Twitter—the wildly popular “micro-blogging” service—is making a giant impact on the internet, and joining the ranks of internet giants by doing so. If you’ve watched any cable news program in the last year, you’re probably already familiar with how it is helping to cure us all of the reckless habit of using sentences longer than 140 characters—this one is 163! (E-Gasp.) But, the lesser-known—and possibly more important—impact is how Twitter is helping to improve the traffic tracking tools online.

The Back Story

Twitter is a brilliant little shoehorn. Its 140 character limit was originally built into the system so that the service would play nicely when ‘tweets’ were sent to mobile phones as text messages—which, at the time, already had a 140 character limit. The mobile phone text message character restriction is now disappearing rather quickly as new phone platforms, which are not limited by small screens and tiny data transfer—like the iPhone and Droid, make their way into texters hands.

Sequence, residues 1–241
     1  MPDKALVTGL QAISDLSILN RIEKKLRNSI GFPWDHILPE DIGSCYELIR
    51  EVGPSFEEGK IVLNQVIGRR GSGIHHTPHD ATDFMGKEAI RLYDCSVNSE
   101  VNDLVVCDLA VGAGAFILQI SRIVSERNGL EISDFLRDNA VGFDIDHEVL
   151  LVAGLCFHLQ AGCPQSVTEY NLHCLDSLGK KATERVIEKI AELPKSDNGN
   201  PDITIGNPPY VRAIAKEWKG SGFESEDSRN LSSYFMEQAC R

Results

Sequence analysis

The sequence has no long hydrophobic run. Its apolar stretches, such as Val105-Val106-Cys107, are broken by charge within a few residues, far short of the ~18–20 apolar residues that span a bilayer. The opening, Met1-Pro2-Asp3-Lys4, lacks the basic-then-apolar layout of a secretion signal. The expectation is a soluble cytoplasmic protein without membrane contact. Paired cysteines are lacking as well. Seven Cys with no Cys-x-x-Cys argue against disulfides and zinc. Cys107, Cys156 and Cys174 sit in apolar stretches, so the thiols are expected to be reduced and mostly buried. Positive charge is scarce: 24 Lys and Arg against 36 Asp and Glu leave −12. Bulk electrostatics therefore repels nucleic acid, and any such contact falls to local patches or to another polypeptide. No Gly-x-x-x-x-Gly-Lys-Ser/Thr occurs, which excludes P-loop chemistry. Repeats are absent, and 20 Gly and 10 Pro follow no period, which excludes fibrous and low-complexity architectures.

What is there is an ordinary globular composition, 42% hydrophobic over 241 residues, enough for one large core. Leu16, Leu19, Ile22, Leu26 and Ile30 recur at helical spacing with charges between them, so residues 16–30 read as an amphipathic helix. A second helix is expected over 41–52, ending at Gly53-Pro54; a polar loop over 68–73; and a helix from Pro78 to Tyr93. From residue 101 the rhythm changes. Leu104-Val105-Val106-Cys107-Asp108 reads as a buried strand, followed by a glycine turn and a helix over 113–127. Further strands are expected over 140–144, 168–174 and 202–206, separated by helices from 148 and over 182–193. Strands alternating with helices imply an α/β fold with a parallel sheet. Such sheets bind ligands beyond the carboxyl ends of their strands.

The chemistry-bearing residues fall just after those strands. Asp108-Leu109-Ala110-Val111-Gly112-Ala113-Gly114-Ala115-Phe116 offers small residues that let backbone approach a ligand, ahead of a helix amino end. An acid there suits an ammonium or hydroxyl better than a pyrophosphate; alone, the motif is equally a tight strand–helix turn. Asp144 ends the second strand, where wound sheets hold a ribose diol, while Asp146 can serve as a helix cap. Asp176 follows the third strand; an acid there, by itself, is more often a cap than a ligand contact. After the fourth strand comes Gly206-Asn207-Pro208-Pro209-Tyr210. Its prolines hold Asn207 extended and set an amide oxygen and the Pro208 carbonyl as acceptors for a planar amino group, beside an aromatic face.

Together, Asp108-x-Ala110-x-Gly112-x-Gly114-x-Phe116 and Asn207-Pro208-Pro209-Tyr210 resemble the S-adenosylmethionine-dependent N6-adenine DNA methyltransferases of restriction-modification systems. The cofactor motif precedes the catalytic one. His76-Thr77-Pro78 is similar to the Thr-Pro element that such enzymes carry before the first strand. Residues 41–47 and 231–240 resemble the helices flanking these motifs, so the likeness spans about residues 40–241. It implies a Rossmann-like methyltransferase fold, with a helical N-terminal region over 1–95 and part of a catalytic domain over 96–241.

But Twitter will keep the 140 character limit even though the original reason for it is disappearing. The restriction has made Twitter the media darling, and it has been the cornerstone for the new standard of quick, straight-forward, and safely-ignorable communication—an often-useful white noise in the background of your internet life.

Though, while the 140 character limit hasn’t budged, the way people use Twitter certainly has. The majority of tweets are no longer about personal hygene habits:

I’m brushing my teeth with baking soda for the first time. Holy pantload that’s gross!

Rather tweets have morphed into, most often, some form of recommendation:

Read a great blog post about using baking soda as tooth paste! I might try it! http://wow-bakingsoda.com/2010/10/03/toothpaste